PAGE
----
Give Credit Where Credit is Due: A Torah Thought by Michael Fuah
Holocaust Day, commemorated this past week, is the day that we memorialize what happened when G-d turned His face from us and allowed the Holocaust to happen – a major desecration of His Name in the world. “And they desecrated My Holy Name when it was said about them, ‘These are G -d’s nation and they have gone out of His Land.'” The exile itself is a desecration of G-d’s Name, says the prophet in Ezekiel 36:20.
But Ezekiel continues his prophecy: “And I will say, ‘It is not for your sake that I do this, House of Israel, but for the sake of My Holy Name that you have desecrated among the nations. And I will sanctify My great Name that is desecrated among the nations, and the nations will know that I am G-d, says Hashem Elokim. And I will take you from the nations and I will gather you from all the lands and I will bring you to your Land.”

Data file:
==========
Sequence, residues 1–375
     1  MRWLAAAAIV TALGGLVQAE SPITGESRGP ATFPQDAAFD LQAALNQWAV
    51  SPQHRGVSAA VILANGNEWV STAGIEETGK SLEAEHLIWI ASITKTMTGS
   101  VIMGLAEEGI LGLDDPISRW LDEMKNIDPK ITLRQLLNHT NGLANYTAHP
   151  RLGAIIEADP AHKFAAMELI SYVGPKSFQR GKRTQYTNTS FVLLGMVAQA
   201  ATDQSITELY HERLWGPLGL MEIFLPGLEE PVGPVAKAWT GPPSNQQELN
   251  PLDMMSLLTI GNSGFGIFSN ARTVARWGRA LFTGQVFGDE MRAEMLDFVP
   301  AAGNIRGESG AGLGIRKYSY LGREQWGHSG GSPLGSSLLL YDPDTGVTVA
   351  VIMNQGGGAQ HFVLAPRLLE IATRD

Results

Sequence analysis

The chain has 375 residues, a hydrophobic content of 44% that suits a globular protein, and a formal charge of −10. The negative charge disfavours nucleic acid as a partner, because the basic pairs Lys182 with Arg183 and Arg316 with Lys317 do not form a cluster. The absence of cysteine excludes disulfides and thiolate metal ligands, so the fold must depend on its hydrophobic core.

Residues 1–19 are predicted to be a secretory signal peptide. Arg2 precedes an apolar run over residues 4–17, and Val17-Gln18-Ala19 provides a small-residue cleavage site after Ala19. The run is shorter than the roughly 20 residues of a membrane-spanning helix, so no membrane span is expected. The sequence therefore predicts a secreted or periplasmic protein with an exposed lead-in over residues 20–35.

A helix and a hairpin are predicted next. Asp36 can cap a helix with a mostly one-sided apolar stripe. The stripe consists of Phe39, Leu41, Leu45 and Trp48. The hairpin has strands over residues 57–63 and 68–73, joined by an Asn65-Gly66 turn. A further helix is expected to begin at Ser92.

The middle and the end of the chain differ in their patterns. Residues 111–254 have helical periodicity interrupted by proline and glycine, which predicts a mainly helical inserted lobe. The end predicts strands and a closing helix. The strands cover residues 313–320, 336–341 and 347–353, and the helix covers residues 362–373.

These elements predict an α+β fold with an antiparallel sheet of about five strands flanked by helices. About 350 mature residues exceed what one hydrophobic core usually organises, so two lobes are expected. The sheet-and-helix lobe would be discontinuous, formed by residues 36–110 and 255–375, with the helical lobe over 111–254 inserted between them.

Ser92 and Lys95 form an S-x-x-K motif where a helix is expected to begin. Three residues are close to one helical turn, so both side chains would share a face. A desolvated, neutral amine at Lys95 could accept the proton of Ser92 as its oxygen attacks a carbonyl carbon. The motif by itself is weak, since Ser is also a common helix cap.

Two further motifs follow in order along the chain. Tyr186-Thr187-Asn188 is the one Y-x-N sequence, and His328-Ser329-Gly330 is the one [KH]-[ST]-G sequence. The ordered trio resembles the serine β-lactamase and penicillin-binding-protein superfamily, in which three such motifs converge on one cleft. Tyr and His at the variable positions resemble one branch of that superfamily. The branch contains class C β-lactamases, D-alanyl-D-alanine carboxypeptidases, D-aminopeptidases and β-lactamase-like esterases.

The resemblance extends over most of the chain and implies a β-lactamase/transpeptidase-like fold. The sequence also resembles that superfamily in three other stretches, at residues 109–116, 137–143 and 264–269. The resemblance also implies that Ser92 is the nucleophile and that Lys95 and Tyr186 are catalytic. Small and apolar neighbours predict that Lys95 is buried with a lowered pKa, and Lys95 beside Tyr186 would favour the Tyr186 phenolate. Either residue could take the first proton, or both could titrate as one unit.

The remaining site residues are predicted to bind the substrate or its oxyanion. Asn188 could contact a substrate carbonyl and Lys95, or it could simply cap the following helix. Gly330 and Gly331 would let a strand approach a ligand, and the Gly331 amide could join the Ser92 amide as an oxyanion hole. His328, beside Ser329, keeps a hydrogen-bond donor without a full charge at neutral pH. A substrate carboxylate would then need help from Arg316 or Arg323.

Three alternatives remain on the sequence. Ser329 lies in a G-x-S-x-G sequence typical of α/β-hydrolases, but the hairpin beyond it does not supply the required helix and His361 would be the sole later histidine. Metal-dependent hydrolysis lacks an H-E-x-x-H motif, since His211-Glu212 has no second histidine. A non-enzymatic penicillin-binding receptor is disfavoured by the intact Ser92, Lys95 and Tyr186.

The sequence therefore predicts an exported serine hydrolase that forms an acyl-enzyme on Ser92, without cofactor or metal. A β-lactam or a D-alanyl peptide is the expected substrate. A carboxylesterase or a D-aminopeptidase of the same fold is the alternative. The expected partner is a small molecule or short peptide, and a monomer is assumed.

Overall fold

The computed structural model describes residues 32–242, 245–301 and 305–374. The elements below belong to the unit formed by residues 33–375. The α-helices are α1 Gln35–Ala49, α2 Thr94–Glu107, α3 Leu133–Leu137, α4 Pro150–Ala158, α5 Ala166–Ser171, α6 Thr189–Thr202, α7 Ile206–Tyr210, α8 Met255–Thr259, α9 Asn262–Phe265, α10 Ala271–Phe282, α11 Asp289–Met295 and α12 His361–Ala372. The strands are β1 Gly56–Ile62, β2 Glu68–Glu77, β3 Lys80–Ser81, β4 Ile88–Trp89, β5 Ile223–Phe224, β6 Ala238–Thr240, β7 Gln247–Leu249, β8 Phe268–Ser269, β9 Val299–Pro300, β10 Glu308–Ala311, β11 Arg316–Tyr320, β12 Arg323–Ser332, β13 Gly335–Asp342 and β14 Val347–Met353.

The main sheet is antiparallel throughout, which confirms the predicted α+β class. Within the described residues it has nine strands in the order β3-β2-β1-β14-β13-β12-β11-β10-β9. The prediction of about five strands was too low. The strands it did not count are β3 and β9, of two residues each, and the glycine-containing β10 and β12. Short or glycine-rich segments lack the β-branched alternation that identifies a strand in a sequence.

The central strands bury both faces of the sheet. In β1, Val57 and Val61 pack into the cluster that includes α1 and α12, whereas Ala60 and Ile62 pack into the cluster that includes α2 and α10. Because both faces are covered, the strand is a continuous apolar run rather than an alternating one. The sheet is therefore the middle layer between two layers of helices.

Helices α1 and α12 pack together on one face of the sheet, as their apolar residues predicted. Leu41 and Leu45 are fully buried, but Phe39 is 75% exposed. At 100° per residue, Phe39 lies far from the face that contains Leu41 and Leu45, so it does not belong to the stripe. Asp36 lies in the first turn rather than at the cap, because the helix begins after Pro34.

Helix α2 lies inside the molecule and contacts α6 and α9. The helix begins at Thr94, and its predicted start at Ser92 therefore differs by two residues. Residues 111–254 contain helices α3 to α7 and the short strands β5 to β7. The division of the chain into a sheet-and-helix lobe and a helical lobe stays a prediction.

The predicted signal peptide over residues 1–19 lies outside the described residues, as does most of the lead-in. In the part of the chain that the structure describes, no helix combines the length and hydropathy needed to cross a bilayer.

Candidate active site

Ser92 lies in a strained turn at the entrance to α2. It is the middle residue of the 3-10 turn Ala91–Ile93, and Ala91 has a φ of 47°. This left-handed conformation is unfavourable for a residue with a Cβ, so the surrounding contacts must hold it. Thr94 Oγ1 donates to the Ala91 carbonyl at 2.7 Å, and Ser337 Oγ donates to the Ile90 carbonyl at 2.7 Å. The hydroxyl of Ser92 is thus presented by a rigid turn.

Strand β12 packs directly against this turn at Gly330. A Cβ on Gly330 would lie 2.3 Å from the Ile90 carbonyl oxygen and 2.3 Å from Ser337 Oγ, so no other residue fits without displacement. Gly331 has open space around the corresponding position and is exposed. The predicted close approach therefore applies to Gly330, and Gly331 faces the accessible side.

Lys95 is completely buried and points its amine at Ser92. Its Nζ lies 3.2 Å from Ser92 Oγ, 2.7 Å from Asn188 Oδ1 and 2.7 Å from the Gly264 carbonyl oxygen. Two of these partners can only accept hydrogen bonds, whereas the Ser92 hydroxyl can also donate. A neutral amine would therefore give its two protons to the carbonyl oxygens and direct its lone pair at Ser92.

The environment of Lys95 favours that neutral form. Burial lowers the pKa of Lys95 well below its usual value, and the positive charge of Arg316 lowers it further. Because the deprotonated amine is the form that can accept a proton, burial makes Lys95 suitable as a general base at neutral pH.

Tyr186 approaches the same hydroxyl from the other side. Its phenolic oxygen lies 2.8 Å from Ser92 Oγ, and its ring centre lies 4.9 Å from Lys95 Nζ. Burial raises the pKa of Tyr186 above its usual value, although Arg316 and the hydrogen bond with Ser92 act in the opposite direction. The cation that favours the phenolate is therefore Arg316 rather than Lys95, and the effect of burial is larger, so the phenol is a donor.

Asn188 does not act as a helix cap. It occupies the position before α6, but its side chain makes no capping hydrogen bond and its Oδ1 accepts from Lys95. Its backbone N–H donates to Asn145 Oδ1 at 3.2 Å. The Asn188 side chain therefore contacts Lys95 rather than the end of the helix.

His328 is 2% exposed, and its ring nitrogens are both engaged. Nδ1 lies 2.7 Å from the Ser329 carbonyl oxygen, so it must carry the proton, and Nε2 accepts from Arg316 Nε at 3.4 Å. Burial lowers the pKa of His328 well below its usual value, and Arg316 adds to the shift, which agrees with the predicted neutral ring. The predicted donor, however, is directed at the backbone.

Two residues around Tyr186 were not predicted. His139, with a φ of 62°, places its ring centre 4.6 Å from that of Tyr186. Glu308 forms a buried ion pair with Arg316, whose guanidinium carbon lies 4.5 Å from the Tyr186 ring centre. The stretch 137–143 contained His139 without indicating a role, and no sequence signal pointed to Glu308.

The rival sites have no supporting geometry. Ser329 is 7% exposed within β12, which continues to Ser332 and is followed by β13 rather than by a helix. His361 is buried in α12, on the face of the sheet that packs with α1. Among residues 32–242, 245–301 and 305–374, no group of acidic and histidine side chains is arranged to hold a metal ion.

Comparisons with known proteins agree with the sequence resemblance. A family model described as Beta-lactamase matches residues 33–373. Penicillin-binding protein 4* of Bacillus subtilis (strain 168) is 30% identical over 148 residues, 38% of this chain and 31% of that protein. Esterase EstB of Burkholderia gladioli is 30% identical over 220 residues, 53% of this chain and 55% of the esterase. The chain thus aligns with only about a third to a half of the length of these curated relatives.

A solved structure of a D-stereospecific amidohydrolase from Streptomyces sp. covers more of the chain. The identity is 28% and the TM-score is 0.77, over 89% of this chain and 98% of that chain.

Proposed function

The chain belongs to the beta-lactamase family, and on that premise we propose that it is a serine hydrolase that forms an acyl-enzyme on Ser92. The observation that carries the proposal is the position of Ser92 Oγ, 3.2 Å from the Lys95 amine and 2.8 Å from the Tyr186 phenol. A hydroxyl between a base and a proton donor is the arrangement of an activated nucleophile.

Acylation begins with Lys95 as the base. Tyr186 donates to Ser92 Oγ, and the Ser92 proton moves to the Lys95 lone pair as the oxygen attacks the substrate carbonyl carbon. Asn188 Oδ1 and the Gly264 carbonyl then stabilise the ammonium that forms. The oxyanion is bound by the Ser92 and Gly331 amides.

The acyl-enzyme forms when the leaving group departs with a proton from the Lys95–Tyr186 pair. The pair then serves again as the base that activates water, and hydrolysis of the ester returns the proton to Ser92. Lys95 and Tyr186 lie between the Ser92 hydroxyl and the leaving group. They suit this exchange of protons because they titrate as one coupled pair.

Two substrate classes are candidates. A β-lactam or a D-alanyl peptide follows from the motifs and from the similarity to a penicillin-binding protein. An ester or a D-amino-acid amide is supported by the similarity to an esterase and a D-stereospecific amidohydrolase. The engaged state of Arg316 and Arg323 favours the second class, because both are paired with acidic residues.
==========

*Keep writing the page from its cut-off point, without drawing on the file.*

Israel’s Independence Day, coming up in just over a week, represents just the opposite of the Holocaust: a sanctification of G-d’s Name. On the ground, however, things seem to have gone awry. Since the establishment of the State of Israel and particularly when most of our Land was liberated in the Six Day War, we did not officially acknowledge and thank G-d for His miracles. The “My might and power of my hand” syndrome has not yet been dispelled. As a nation, Israel has yet to recognize that it was G-d behind the momentous and miraculous events that gave birth to the State of Israel.
G-d’s directing hand, though, does not allow us to deceive ourselves for long. Our attempts to solve the “Jewish problem,” to “normalize” the Jewish Nation and to transform it into a nation like all other nations is shattering before our eyes. The more that we try to be normal and the more that we lose our connection to our Jewish identity – the more that we lose our national legitimacy.
This year we will celebrate Independence Day with thanks to G-d for the wonderful opportunity that He has given us. In addition, we must promise ourselves to work hard to establish Jewish leadership that will give credit where credit is due: to the Holy One, Blessed Be He. We need real Jewish leadership that will help us to be ourselves: the Jewish Nation, the children of the Creator, who are working to perfect the world. Our independence and freedom depend on it.